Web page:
“SUNDAY politics,” says The Defender, “will eventually hang itself if rope enough be given it.” We hope so. The Defender refers to political electioneering on Sunday; but we refer to the far more prominent form of “Sunday politics” which seeks so persistently to bring Sunday up for consideration in Congress and the State legislatures.AMS December 7, 1899, page 755.1

    “Apologists for Slavery and Polygamy” American Sentinel 14, 48, pp. 757, 758.


    THE apologies that are being put forth in this country in behalf of slavery and polygamy, now that these institutions are known to exist in lands subject to the jurisdiction of United States, would be amusing if they did not relate to a serious matter. Here, for example, are some statements from an article contributed to The Independent, on “Slavery and Polygamy in the Sulu Archipelago,” by E. M. Andre, Belgian consul at Manila:—AMS December 7, 1899, page 757.1

    “The slavery which exists on the islands is so different from that which Americans were accustomed to in the South before the war of the rebellion, that it deserves another term to define it. A Moro chief who owns slaves is more like a master who has hired a dozen or two mechanics or laborers by the year to work his place. He has no rights over them, except to see that they work for him, for which he in turn must give them proper food, clothing, shelter, and protection. He has no right to sell them as a man would his cattle, nor are there any slave markets such as were found in this country half a century ago.” (Italics hours.)AMS December 7, 1899, page 757.2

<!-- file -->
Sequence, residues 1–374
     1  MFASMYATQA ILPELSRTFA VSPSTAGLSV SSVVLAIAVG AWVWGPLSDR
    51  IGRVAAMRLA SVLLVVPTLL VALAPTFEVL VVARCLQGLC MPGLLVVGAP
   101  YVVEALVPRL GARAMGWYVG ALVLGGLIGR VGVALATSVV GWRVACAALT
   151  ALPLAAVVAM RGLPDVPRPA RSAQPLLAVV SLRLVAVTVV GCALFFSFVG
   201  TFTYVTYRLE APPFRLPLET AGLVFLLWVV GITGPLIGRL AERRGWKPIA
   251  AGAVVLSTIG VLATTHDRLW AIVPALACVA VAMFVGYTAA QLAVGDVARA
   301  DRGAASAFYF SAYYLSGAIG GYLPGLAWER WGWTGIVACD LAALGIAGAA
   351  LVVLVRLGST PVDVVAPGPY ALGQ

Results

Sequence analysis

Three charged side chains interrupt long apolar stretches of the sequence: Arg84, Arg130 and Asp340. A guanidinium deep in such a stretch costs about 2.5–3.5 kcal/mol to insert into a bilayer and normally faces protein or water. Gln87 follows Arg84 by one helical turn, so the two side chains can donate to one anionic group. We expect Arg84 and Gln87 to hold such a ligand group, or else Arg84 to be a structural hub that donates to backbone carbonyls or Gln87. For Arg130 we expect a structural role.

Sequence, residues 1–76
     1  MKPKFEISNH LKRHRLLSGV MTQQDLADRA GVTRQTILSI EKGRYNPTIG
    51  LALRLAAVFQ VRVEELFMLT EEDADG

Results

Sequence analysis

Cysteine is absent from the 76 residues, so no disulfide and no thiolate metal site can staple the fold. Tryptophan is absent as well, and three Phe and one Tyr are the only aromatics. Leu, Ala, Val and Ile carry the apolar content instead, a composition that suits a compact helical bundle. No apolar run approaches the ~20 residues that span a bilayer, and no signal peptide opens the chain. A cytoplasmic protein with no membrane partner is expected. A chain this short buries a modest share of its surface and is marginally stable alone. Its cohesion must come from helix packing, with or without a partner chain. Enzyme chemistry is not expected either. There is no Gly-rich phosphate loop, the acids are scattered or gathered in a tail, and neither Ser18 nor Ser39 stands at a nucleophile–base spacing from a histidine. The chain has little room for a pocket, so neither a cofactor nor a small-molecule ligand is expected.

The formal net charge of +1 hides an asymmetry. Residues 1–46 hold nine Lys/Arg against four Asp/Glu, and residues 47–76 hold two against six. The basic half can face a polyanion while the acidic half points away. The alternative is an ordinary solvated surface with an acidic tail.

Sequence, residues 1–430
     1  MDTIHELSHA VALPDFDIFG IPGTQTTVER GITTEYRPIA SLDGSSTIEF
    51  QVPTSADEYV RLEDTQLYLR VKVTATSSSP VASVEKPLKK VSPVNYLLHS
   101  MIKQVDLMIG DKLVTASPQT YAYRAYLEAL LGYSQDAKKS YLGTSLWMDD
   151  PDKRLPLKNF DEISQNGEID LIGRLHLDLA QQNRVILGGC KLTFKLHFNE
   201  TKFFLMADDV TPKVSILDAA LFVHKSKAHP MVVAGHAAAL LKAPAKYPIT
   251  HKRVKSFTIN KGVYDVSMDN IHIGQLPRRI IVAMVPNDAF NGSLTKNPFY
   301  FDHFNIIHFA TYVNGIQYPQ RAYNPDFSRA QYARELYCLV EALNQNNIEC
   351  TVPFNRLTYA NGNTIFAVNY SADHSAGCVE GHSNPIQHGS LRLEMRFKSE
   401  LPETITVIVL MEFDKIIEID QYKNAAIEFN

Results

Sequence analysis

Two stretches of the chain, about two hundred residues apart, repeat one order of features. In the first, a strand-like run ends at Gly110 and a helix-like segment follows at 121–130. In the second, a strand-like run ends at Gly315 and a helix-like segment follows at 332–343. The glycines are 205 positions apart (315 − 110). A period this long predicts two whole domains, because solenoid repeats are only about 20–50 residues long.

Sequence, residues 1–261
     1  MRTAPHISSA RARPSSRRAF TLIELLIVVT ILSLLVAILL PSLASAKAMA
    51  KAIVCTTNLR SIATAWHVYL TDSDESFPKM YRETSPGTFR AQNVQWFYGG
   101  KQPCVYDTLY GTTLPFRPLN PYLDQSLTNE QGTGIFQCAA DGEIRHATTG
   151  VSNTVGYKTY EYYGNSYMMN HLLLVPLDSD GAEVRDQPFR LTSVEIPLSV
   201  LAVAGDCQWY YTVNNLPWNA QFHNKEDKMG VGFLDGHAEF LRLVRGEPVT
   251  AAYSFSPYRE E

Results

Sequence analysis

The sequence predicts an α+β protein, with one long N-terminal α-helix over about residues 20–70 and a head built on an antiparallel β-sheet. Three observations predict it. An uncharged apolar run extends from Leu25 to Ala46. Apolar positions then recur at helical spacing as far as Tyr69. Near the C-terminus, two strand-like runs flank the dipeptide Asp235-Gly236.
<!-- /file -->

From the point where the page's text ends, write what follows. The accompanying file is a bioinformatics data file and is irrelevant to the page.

It is confessed in this that the Sulu slave owner has a “right,” “to see that they [his slaves] work for him.” In other words, he has a “right” to force certain other people of the island to work for him. But the Constitution says, “Neither slavery nor involuntary servitude, except as a punishment for crime, whereof the party shall have been duly convicted, shall exist within the United States, or any place subject to their jurisdiction.” (Italics ours.)AMS December 7, 1899, page 757.3